Sunday, June 27, 2010


A customer brought me a Saab V4 transmission that had been "completely overhauled" by his mechanic. The "completely overhauled" trans made it 964 miles before it blew. The sucker blew on the freeway. In rush hour traffic. My very unhappy customer said his "wrench" told him that he just used "simple tools" to overhaul transmissions, and "none of that fancy stuff...."

The description of the wrench's "simple tools" sounded like the ones shown here.

This is my Saab factory transmission press. Without it, you can do more damage to a V4 transmission than you fix!

I used EVERY TOOL shown here, along with the factory press to do the overhaul, so the trans will stay together and give great service for thousands and thousands of miles.

When I overhaul a Saab V4 transmission, I do it right the first time, using precision tools and the Saab factory service manual
. If your transmission needs an overhaul, make sure your mechanic has the factory press and special tools. If he doesn't, then find a mechanic who does. Don't believe a mechanic who says, "Oh, I don't need a special transmission press or any fancy tools."
Have it done right the first time, or you'll get to pay twice for a rebuild.


This is a dead Lucas wiper motor, as used in 1970 and later Saab 95 and 96 cars. It ran very slowly on one speed only, and refused to self park. After close to 40 years of work, it needed some attention.

This motor was actually less grubby than most of the motors I get to rehabilitate.

Now the ancient motor is CLEAN [!] and has a new brush and spring plate installed, and the self-park mechanism has been repaired. Speaking of ancient parts, I built that Heathkit multimeter in 1956. It still works like new!

Here are all the "guts" of the Lucas motor, just before reassembly. The self-park switch is out of sight, mounted on the main motor body.

The moment of truth. The motor is mounted on the test board. Yup, it works on both speeds [at the correct rpm for each speed] and it self parks. Voila!

Looking better than new, Lord Lucas' wiper motor is ready for another 40 years of work...
When you send us your wiper motor, you can expect a quick turnaround time and reliable wipers for years of rainy days to come.

Monday, June 14, 2010

WIPED OUT - Saab V4/99 Windshield Wiper Motors

Why is it that old Saab windshield wipers work "really good"....except when it is raining really hard? Remember, these are LUCAS wiper motors after what did you expect?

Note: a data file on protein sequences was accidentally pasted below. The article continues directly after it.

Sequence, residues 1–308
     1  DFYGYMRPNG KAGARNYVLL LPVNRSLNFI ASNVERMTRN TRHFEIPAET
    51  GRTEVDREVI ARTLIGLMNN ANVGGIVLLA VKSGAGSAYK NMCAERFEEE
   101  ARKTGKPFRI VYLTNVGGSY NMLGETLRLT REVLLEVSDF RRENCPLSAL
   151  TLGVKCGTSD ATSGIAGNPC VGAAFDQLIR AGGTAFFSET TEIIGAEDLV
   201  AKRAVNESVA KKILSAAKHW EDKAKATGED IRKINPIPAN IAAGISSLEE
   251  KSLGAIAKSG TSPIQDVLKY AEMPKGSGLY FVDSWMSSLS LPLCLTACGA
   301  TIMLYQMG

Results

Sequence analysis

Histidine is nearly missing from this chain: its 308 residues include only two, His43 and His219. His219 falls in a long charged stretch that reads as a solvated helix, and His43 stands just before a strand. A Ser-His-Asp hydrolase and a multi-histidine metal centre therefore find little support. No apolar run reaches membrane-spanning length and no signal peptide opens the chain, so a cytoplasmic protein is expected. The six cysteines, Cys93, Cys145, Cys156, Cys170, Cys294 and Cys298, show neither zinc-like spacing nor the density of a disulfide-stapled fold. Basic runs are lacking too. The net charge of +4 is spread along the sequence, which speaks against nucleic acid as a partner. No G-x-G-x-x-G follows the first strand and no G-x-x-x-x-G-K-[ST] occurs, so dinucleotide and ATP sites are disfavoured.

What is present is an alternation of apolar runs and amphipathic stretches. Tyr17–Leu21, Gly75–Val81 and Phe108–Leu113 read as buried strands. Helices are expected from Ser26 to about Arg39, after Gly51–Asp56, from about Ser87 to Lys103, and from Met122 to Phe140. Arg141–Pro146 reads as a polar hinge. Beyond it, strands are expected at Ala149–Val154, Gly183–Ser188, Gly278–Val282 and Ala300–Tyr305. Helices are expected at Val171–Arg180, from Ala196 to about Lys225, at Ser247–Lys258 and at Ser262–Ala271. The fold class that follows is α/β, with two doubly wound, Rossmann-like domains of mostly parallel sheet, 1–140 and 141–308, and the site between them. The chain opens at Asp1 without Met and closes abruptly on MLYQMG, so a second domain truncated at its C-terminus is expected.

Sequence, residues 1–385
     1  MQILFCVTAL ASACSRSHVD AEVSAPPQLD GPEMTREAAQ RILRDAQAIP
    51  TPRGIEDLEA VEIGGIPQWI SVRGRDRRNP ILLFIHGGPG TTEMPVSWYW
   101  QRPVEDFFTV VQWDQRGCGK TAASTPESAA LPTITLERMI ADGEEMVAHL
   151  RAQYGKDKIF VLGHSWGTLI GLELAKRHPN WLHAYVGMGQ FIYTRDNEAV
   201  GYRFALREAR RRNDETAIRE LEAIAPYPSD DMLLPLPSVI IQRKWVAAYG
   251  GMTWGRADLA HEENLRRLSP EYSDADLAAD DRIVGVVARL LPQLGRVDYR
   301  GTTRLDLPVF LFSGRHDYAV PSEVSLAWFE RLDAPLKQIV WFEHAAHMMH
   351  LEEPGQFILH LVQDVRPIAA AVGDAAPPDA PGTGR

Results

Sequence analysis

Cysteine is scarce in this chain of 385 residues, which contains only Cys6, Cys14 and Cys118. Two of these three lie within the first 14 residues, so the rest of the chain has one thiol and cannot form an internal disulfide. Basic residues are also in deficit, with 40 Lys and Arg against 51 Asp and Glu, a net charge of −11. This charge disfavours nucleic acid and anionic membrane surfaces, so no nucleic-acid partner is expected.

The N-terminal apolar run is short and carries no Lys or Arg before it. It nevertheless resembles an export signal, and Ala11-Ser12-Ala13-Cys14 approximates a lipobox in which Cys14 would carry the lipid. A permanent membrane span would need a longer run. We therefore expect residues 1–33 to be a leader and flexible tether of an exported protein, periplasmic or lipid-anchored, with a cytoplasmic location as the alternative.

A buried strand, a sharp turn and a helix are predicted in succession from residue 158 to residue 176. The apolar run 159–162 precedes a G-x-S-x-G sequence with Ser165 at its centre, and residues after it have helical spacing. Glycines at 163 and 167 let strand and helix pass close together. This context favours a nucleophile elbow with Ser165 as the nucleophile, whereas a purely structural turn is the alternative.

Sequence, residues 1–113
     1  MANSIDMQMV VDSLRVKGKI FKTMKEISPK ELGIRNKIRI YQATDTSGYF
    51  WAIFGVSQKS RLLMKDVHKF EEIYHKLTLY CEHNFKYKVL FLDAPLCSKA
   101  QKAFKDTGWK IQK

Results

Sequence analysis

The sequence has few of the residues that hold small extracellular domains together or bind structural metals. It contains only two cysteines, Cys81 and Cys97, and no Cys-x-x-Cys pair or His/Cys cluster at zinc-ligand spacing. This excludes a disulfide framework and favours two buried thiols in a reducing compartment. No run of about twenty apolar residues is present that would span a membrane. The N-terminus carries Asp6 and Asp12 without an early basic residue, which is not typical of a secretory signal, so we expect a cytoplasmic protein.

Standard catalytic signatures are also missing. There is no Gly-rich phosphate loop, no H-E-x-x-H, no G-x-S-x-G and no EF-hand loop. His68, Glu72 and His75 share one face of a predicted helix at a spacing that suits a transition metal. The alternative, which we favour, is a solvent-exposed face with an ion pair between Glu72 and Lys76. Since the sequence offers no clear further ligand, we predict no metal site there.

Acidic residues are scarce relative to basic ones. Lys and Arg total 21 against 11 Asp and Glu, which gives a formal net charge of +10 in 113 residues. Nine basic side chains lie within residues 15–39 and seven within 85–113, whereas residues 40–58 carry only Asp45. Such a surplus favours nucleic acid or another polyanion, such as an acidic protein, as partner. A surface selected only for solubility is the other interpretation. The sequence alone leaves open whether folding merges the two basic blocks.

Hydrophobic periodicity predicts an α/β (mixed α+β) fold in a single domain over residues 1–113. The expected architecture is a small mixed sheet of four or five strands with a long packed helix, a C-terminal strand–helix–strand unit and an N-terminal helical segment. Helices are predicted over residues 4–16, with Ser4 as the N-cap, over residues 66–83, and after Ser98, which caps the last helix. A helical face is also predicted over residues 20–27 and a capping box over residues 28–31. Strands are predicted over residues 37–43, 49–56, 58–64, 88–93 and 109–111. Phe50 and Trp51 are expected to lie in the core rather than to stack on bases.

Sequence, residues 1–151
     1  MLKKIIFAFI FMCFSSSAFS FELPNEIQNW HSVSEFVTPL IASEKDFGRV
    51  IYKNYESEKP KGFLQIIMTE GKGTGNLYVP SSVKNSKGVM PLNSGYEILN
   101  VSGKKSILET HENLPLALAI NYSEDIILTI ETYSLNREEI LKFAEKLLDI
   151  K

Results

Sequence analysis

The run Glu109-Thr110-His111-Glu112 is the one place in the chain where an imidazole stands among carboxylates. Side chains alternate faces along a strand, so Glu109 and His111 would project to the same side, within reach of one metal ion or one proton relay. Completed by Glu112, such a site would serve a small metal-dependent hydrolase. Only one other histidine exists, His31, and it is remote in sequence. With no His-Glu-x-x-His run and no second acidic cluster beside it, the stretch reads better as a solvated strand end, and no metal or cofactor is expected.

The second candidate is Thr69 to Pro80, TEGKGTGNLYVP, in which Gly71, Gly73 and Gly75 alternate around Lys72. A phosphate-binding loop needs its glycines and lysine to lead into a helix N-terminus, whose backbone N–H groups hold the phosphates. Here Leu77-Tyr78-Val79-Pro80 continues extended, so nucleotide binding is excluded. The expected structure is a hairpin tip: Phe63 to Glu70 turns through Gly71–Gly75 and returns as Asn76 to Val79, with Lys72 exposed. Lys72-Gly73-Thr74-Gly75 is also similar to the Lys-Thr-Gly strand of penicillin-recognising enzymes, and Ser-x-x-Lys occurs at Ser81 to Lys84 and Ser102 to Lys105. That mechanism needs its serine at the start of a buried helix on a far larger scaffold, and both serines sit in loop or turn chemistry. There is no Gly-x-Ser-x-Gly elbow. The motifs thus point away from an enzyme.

These wiper motors are old and tired!
I have been rebuilding these Saab 95/96/97/99 wiper motors for years so I know what it takes to make them operate like new. I always test them on a test board, with the same electrical circuitry found in the car the motor came out of. No surprises that way!

This is a wiper motor on the test board. The wiper is the type used in Sonett II, Sonett V4 and Saab 95 and 96 cars through model year 1969. I test the motor for correct high and low speeds and for self-parking at the correct wiper angle. The test board has the push-pull switch [early cars] and the column-mounted stalk switch [later cars].

This is a Sonett III [or Saab 99] wiper motor on the test board. I wired in the relay and the second [longer] stalk switch for testing this series Lucas motor.

The three Lucas wiper motors used on the Saab 95/96/97/99 cars. The early motor is on the left, the Sonett III and Saab 99 motor in the center, and the Saab 95/96 motor [used from 1970 onward] on the right. The first two are freshly rebuilt and tested. The motor on the right is how they usually look when I get 'em for rebuild---NASTY and DEAD!

Same motors, flip side. I make the nasty, dead motors look--and work--like new. I have rebuilt a TON of these Lucas motors for Saab owners. So quit worrying about the weather when you drive your wee Troll--just send your wiper motor to Ashcraft's Vintage Saab Parts for a thorough rebuild! Then you'll have one less thing to worry about on your Saab!

Friday, June 11, 2010